Ottawa 'concerned' about Canadian's facing executions in Saudi Arabia

Canada’s top diplomat said yesterday he fears two Canadian brothers (one 16 year old) who face beheading in Saudi Arabia for a murder they insist they did not commit may have been mistreated by Saudi authorities.

“We are very concerned about allegations of mistreatment (in Saudi Arabia),” Foreign Minister Peter MacKay said in the House of Commons. “We have made representations to the Saudi government about our concern for their well-being and we will continue to do so,” he said. “As well, we have in the past expressed our concerns (to the Saudis) about allegations of torture.”

“Consular officials of the Canadian Embassy in Riyadh are following this case by maintaining contact with local authorities,” who are visiting the two men, Foreign Affairs spokesman Rodney Moore told the Canadian Press on Wednesday.

“While Saudi Arabia repeatedly states that they are vehemently against the torture of accused individuals, allegations have been made of abuse and coercion,” McKay said. “Our officials should therefore request an immediate medical examination of Sultan and Mohamed Kohail.”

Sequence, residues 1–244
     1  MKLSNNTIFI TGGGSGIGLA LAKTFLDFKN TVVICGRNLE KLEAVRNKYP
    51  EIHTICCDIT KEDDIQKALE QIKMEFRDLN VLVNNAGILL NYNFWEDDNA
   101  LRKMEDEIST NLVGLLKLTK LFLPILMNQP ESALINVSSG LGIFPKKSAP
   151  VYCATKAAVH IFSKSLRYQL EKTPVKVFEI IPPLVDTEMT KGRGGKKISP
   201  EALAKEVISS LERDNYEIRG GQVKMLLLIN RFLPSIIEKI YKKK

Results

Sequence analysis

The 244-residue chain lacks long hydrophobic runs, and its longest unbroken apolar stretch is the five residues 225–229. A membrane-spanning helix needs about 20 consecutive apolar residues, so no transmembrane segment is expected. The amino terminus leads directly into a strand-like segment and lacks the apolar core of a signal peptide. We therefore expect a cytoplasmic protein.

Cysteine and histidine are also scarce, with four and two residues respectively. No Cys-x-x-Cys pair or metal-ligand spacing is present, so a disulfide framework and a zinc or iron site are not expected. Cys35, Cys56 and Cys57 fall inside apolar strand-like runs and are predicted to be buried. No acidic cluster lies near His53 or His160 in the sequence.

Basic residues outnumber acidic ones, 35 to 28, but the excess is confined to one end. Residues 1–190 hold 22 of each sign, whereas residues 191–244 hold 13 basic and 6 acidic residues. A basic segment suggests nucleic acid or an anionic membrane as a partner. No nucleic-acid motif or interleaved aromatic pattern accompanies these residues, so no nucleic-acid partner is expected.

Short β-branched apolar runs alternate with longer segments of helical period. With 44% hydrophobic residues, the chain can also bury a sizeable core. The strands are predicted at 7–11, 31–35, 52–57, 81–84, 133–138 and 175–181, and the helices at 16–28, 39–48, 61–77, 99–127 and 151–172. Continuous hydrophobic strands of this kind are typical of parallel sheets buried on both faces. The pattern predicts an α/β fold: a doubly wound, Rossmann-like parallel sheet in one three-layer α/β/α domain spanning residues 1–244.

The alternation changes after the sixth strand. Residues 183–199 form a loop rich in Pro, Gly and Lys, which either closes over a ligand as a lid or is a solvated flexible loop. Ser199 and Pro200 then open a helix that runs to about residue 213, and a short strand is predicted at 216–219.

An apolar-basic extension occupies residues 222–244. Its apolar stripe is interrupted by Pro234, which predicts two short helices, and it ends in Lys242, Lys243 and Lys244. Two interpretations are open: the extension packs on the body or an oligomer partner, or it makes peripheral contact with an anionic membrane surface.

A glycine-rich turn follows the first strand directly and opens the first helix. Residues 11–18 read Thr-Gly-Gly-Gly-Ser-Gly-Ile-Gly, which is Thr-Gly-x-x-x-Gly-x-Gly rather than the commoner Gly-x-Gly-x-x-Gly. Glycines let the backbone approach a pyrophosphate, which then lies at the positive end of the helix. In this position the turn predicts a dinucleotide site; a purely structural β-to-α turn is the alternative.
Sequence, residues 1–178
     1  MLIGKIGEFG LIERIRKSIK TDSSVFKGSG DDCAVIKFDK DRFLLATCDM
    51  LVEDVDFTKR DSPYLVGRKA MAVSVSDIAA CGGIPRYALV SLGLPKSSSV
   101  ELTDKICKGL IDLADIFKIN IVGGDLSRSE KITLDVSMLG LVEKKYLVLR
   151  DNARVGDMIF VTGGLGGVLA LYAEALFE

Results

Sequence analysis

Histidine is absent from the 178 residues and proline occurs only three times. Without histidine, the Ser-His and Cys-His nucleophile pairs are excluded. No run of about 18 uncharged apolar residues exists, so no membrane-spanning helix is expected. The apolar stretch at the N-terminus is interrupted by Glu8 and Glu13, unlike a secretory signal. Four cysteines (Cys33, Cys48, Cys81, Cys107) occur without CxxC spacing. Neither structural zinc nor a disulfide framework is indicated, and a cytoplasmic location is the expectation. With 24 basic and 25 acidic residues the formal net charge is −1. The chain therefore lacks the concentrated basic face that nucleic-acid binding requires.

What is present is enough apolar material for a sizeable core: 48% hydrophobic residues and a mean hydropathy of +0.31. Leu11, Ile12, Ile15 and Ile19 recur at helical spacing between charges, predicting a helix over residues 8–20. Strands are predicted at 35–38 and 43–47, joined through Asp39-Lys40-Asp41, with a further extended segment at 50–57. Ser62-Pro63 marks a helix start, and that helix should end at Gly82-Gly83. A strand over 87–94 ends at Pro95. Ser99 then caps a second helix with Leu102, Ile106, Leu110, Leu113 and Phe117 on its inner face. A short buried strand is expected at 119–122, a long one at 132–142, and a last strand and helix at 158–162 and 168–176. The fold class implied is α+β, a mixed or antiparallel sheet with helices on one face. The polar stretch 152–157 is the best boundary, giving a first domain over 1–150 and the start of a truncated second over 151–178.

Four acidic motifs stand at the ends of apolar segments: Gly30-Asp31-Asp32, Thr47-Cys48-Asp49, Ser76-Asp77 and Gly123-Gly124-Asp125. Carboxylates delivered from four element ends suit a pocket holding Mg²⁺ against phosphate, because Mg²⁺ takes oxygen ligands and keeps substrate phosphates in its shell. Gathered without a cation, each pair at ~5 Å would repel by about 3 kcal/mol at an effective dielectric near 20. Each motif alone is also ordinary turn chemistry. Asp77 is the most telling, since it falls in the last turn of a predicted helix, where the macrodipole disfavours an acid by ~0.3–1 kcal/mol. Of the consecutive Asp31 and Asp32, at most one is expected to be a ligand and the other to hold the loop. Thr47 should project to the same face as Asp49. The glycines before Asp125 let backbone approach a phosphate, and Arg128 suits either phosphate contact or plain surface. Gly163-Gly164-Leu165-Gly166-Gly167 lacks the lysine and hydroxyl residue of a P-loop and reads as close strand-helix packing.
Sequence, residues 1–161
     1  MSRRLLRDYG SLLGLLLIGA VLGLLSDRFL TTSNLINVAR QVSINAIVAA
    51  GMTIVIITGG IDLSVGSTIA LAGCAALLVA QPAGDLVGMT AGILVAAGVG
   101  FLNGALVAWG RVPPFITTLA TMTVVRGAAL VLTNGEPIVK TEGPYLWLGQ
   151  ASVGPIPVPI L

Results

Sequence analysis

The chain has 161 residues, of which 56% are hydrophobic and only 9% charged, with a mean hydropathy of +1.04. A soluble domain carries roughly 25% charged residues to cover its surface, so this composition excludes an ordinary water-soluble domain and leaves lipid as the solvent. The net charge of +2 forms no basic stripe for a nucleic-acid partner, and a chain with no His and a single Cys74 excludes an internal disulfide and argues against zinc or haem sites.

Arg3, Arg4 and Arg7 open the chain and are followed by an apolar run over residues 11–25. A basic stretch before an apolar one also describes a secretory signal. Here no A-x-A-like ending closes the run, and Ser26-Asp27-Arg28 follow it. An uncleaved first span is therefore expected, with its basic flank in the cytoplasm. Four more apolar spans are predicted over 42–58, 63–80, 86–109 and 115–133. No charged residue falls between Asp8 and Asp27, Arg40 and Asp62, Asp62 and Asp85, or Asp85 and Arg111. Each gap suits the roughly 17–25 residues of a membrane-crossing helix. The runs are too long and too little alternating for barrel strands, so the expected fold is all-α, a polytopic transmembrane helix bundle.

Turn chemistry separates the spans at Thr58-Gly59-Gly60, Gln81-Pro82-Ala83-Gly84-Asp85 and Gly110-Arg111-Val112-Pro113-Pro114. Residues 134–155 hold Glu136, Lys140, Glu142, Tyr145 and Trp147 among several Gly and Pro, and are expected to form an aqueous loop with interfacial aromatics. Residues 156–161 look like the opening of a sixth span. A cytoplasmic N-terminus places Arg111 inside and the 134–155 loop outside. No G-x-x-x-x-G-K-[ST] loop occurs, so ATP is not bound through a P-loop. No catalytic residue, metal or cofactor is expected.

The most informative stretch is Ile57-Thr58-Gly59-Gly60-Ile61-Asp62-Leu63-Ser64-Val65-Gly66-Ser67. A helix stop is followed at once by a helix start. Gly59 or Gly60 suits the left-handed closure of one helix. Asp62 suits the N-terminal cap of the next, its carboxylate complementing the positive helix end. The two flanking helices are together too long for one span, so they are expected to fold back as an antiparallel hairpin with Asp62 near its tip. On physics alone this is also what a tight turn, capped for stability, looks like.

Bryon Wilfert, Canadian Member of Parliament asked the Minister of Foreign Affairs if any Canadian officials have visited these two brothers, what condition are they in and what is being done to ensure that these Canadian citizens receive due process. The Minister indicated that there have been four visits now with the boys in Saudi Arabia and they are very concerned about allegations of mistreatment there. He did not indicate the condition of the boys. “This is a very time sensitive issue and I urge the Minister of Foreign Affairs to monitor the treatment of the boys and ensure that they receive proper treatment,” said Wilfert.

Mohamed Kohail, 22, of Palestinian heritage and his 16-year-old brother Sultan are accused of killing a Syrian youth in a vicious schoolyard brawl in Jeddah. 

The brothers, both Canadian citizens of Palestinian extraction, lived in Montreal for five years before moving back to Saudi Arabia, where they were born and raised, to be closer to an ill relative. A Montreal teacher who knew Mohamed Kohail said school staff were shocked and distraught at the news that their former charge is now in prison. The report “doesn’t really match anything that we know about Mohamed,” guidance counsellor Barry Gaiptman said. “We had never seen any indication of an aggressive side,” said Gaiptman, who works at Place Cartier Adult Education Centre in Beaconsfield, where Mohamed attended class. “On the contrary, I found him to be polite and a straight-up guy.” For more information visit our posts on June 3 and June 4, 2007.        

Foreign Minister McKay with Nazanin Afshin-Jam discussing human rights in April 2007.